Breast Cancer Resource Center Savannah, GA USA

Survivor-hood Truths

Once a breast cancer diagnosis and the treatments that follow have pressed their marks upon your body… once the chokehold from fear has found its fingers around your neck, forcing you to hold your breath long enough for cancer to decide if you get to live or die…once your bruised and maimed flesh has felt that disconcerting pierce and rupture of your sense of safety…once your ‘street fight’ has come to an end and you wipe the blood from your bottom lip and rise with your fatigued body and mind to greet the promise of tomorrow…once you’ve rung those melodious bells of victory and hope…once you’ve graduated to ‘survivor-hood’ and your newly polished diploma hangs proudly on your shirt sleeve…once this has happened, you are done.  Right?

Oh, this is but the beginning…on so many fronts!  Well, here’s my best attempt to peel back that thin, pink, gossamer graduation gown that so many survivors fear they must hide behind.  If we can rip away the distorted image of what survivor-hood should look like and expose its true identity instead, then perhaps we can really help our wounded pink warriors.  Perhaps then, our mothers, sisters, wives, and daughters of tomorrow can learn to live their best lives possible after graduation day has long come and gone.  

We need to craft a sense of safety and unity and shine a light past the shelled semblance of our half-truths.  You see, we can’t slay the beast if we don’t know the many faces and shapes that it takes in the first place.  So, here it is…as honest and authentic…and freaking vulnerable as I can make it. Inhale. Exhale.

Cancer is a freakin’ bitch.  There’s absolutely no doubt that the long, arduous road from diagnosis to survivor-hood is both exhausting and emotional.  It takes a toll on our bodies and souls.  That’s really not much of a secret, now is it?  And once we pass the threshold and enter into survivor-hood, a new dawn has arrived.  We’re elated.  We’re relieved.  We’re overcome with gratitude and peace, and we kick off a dance party with our new best-bud: Joy.  Again, no surprise; and our support network and society applaud and toast alongside us with excitement and pride.  We did it! 

But wait, why is Fear still hanging around?  He isn’t running around like a crazy person raising havoc like he did yesterday, but he stands in the corner all the same.  Damn him!  Fear hasn’t vanished; rather, he lingers in the shadows, waiting for a trigger to gift him the reins.  Triggers inevitably come too.  A song plays, a follow-up appointment is required, a daily dose of hormone inhibitors is taken, a memory from your former self, a glance in the mirror….something reminds you of the trauma you faced; and emotions begin to swarm and bubble up towards their barriers.  However, this time when emotions rock your foundation…this time as a survivor…it’s different!  You feel like you must quickly snuff the negative emotions out.  How dare you feel this way!

You are healed, after all.  You’re a survivor.  You’re to wear pretty pink and smiles and be grateful that you made it, for you know that many of your sisters along the way did not.  You are happy, truly…you are!  You are hopeful and determined and renewed with a sense of purpose.  Yet, beneath the gossamer gown is a world that you never saw coming.  There lies the truth of survivor-hood; and although it owns the pink smiles and laughter, there’s a darkness too.  But to compound matters, you don’t feel that you have the right to feel anything less than happy.  How dare you!  Whining and complaining is not becoming of someone who just won their game of chess, so the pressure is on: don’t fucking complain.  This is when many survivors seal up their doors and conceal the truth within.  I can’t feel this way!  I shouldn’t feel this way! Stop feeling this way!  Something is wrong with me for feeling this way, but….shhhhhhhh.  Don’t say anything.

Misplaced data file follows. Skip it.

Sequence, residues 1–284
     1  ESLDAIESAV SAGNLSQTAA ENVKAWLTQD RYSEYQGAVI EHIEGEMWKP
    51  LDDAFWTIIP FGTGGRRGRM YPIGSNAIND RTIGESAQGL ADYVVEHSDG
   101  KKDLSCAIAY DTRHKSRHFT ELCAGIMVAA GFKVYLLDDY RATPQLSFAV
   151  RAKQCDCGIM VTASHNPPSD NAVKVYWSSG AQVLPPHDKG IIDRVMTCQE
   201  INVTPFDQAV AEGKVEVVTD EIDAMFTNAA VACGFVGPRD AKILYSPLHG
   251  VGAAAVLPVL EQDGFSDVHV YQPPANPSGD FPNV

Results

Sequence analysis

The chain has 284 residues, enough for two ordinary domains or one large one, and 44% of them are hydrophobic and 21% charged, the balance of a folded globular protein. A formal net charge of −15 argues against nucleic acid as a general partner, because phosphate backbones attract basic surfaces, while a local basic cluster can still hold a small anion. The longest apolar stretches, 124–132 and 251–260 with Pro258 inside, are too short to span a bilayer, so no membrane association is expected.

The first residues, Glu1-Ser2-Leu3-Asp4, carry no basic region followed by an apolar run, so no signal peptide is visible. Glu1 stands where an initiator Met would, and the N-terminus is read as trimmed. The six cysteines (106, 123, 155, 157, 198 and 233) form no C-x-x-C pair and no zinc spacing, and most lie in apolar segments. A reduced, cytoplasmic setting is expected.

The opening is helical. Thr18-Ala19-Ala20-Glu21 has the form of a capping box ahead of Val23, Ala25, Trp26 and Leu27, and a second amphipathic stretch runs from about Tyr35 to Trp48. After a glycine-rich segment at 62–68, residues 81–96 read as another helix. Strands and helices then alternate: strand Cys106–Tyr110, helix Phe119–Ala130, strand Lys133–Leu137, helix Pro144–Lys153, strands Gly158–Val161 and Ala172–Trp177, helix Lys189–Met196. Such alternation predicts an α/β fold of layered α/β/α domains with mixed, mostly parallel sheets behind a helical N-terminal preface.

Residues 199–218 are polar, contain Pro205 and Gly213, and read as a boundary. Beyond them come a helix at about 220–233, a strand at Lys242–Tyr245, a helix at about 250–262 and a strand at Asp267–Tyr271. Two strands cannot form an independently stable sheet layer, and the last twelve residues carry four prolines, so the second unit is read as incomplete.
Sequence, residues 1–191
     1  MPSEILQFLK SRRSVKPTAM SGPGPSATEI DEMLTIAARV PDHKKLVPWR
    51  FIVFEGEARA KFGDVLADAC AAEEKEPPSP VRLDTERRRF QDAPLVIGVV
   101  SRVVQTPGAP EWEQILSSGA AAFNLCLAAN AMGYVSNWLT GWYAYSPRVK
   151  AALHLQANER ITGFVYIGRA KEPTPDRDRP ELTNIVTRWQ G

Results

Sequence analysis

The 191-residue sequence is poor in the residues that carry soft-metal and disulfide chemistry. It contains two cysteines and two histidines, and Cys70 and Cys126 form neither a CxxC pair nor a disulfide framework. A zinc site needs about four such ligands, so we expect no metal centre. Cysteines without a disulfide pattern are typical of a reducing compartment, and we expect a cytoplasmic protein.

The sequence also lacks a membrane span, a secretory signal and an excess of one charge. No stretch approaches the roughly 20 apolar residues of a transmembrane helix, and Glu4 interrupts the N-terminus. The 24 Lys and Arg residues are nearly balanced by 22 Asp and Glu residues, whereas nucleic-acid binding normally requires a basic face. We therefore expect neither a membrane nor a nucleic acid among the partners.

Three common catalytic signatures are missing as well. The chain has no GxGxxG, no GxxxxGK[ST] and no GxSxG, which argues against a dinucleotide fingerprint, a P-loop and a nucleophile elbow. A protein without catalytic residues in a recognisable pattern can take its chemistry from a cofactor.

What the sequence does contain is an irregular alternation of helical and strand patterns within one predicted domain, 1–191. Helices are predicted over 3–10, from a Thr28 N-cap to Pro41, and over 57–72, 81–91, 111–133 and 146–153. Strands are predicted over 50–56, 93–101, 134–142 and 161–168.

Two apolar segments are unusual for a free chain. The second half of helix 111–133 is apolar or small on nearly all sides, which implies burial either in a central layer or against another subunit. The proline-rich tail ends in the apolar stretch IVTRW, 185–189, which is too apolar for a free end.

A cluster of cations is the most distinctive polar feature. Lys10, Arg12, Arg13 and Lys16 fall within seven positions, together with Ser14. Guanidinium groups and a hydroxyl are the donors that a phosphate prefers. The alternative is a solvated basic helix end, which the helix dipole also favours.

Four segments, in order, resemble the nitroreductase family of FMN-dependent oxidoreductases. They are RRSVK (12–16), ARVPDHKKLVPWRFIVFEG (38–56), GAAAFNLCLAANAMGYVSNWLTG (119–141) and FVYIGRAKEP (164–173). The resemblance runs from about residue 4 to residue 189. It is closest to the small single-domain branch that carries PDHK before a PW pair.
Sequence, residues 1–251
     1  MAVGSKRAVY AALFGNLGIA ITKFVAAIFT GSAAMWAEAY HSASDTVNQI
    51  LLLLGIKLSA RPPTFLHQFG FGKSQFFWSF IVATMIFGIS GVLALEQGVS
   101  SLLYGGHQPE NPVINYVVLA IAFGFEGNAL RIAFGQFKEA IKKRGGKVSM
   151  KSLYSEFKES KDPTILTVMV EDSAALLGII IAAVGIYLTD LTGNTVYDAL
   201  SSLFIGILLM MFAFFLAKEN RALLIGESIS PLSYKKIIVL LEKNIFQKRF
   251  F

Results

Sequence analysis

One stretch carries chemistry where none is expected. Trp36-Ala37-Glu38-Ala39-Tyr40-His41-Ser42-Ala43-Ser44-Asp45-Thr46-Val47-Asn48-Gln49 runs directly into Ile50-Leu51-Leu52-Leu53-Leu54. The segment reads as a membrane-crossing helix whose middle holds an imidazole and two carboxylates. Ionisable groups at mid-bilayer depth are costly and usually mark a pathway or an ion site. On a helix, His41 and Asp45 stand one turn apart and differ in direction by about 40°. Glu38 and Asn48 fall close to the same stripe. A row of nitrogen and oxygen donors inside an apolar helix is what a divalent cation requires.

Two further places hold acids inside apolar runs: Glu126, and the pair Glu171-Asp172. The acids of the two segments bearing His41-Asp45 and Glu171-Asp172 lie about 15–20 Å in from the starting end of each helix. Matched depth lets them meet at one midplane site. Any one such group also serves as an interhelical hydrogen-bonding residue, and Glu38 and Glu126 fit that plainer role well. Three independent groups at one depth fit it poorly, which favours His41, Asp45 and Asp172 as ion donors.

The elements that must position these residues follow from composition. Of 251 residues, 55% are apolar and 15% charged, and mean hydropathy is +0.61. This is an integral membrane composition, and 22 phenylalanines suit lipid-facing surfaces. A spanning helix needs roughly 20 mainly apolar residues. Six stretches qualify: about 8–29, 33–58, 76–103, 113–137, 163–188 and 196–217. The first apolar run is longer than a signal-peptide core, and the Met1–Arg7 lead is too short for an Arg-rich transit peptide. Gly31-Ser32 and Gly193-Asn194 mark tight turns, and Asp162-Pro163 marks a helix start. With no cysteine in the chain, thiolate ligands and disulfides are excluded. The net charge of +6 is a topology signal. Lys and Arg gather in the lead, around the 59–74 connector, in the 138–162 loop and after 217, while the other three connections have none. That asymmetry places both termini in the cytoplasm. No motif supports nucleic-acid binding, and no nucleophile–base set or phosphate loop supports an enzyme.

How can we claim to have survived breast cancer when we’re suffering its legacy in silence?  Sadly, many survivors feel that they are alone in these conflicting emotions; so, they grieve alone, afraid to reach out and admit any of it.  However, if the world doesn’t know this clandestine truth to survivor-hood, and if survivors don’t even know that what they’re experiencing is normal, then how can we move forward and make the world better for them?  What kind of services and aide can we offer as a society if we don’t even let on that there’s a need?  I’ve interviewed dozens of women; and every single survivor confided in me these hidden truths. 

We are happy; but we’re sad too.  We’re hopeful, but often times feel helpless and lost at the same time.  We grieve for the person we once were.  We got to live, however, the person who we were prior to this trauma has in many ways died; and we miss her terribly.  The innocence and free-loving days prior to the entanglement of fear begin to piss us off.  The loss of who we were summons Anger.   The fear of recurrence, the shattering of our sense of safety, revs up our anxiety.  We may cry for seemingly no reason….oh, but there’s a reason.  We’ve just buried it because there seems to be this assumption that pink is the new pretty; and we don’t want to disappoint or burden our support system any further.

Here’s the truth; and keep in mind that there are varying degrees and hues from one survivor to the next.  If we’re a survivor, we have lived through Hell and come out on the other side with scars you can’t always see.  Every one of us has an emotional wound that accompanies the physical marks we’ve collected.  No matter the diagnosis (DCIS all the way up the gambit), if we’ve had cancer, we’ve felt these things. 


Dying.  The fear of no longer existing, of leaving our families behind, of not getting to achieve the things we’ve wanted in life…it’s hard to calm that, damn near impossible to do it…even well past the ringing of those bells.

Memories and Flash backs

Memories and flash backs.  For a long time, something would trigger me and send me straight back to the operating room.  I could see the table, the lights, the sharp flesh splicing instruments there on the side.  I could feel them tightening the seatbelt, ensuring that I stayed in place; and I could sense my nerves climbing to their highest height and accelerating my heartbeat while on the rise.  I couldn’t stop it.  Once triggered, these memories would play on a continuous loop; and I’d panic…not knowing how to escape them.  Yet they were only memories; they couldn’t hurt me…right?  Still I’d panic all the same and hide it with a smile because I had survived after all.